HR Software Maker Workday Files For $400M IPO

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SV Angel Raising $40 Million For New Fund

Workday, a company offering online tools for enterprises to manage human resources, payroll, and finances, just filed an S-1 form declaring its intention to raise up to $400 million in an IPO.

Reuters reported in July that the company had quietly filed for an IPO but was able to keep the documents secret for a while longer thanks to the JOBS Act. Now it’s official — the S-1 is online, and the details are out.

The filing says that in its most recent fiscal year (ending January 31, 2012), Workday brought in $134.4 million in revenue (an increase of 98 percent year-over-year), with a net loss of $79.6 million.

The company was founded in 2005 (apparently it first incorporated under the name “North Tahoe Power Tools”, which is awesome) by Dave Duffield and Aneel Bhusri, both former executives at PeopleSoft. They’re still the company’s co-CEOs, and the filing says they still control a majority of the voting stock. Investors include Greylock Partners and New Enterprise Associates.

Here’s how the company describes itself:

Workday is a leading provider of enterprise cloud-based applications for human capital management (HCM), payroll, financial management, time tracking, procurement and employee expense management. We achieved this leadership position through our innovative and adaptable technology, focus on the consumer Internet experience and cloud delivery model. Further, we believe we are the only company to provide this complete set of unified cloud-based applications to enterprises. Our applications are designed for global enterprises to manage complex and dynamic operating environments. We provide our customers highly adaptable, accessible and reliable applications to manage critical business functions that enable them to optimize their financial and human capital resources.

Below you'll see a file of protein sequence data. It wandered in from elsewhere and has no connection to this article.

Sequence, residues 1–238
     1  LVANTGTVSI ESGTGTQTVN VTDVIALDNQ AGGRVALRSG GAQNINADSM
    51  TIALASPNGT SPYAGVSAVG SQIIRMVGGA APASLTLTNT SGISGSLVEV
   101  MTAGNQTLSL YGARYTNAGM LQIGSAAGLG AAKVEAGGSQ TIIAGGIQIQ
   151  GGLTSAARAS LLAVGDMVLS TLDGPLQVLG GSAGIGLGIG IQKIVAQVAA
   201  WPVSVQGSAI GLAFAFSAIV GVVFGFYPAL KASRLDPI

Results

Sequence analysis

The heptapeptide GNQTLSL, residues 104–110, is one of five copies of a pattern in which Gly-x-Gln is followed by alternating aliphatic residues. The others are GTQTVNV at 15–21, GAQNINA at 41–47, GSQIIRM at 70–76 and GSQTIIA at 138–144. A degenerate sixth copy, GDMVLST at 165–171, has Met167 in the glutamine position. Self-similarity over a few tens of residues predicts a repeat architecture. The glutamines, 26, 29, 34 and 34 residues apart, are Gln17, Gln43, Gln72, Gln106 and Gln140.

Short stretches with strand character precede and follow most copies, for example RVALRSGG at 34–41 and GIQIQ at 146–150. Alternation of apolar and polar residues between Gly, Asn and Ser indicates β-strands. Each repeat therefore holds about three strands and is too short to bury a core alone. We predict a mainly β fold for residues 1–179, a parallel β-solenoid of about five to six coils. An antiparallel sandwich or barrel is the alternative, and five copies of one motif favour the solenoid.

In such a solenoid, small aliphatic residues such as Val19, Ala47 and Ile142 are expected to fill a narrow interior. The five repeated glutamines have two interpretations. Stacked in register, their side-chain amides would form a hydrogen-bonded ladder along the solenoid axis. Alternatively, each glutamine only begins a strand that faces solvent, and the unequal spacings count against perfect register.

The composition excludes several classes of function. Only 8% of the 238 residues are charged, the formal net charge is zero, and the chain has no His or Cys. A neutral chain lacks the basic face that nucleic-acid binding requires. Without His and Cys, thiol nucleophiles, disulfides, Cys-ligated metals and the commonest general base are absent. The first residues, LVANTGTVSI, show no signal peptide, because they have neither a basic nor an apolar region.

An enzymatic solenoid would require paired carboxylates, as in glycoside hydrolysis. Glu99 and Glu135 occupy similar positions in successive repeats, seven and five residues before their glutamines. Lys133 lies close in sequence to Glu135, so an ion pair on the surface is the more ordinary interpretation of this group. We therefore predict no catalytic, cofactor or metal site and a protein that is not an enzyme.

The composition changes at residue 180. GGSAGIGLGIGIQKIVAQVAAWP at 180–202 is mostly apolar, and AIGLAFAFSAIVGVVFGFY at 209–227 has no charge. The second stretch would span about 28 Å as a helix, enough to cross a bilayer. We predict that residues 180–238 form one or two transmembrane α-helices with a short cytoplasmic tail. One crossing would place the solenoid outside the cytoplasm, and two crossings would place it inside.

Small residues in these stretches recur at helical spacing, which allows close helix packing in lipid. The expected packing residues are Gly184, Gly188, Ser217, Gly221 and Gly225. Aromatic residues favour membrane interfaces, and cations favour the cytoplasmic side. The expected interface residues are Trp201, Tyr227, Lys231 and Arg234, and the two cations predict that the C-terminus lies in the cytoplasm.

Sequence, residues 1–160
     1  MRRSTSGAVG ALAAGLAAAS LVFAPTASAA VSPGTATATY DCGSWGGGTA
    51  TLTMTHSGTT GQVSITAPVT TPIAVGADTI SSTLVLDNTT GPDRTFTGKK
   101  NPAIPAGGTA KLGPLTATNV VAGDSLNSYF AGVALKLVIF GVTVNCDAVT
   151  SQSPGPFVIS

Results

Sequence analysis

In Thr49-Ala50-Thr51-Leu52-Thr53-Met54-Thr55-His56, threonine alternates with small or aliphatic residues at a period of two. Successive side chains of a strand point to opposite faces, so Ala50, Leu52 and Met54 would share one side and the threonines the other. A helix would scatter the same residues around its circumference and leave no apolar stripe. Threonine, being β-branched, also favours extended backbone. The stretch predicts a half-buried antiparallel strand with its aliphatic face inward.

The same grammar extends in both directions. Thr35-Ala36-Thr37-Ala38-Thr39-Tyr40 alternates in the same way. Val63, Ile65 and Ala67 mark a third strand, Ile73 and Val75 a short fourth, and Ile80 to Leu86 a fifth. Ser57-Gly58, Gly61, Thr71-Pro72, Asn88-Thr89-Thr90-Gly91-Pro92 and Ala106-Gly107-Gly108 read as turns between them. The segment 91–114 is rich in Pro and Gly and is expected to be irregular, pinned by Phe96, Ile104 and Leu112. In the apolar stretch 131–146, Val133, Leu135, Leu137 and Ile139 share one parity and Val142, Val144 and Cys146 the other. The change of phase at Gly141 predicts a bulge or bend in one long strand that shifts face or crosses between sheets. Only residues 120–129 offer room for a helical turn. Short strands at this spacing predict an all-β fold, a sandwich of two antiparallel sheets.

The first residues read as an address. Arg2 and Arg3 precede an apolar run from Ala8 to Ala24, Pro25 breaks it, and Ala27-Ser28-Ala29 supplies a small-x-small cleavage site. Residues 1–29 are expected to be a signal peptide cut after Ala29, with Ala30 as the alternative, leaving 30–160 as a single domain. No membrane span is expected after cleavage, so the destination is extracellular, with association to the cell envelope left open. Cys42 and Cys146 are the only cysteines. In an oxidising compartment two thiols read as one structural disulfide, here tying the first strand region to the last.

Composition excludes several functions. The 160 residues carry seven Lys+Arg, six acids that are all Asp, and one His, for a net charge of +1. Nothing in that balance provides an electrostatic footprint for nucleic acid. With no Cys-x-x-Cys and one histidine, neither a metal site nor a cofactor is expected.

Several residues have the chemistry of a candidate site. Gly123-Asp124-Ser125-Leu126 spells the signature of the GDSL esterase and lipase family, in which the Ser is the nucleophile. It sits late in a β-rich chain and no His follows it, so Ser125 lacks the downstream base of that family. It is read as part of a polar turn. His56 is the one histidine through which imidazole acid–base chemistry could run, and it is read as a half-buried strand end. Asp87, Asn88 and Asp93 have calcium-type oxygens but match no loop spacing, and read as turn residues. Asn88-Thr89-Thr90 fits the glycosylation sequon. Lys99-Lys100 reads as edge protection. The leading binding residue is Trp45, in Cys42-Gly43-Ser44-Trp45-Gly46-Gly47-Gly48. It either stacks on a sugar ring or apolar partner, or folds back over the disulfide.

Among the risk factors listed on the filing is the fact that Workday has lost money every year, “and we do not expect to be profitable for the foreseeable future.” Many of the other concerns are pretty much what you’d expect from most companies in the enterprise software-as-a-service market — the “intensely competitive” industry, the risk of a security breach, the long sales cycles, and the dependence on third-party data centers. The company also notes that the majority of revenues come from its Human Capital Management application, rather than the full suite of products.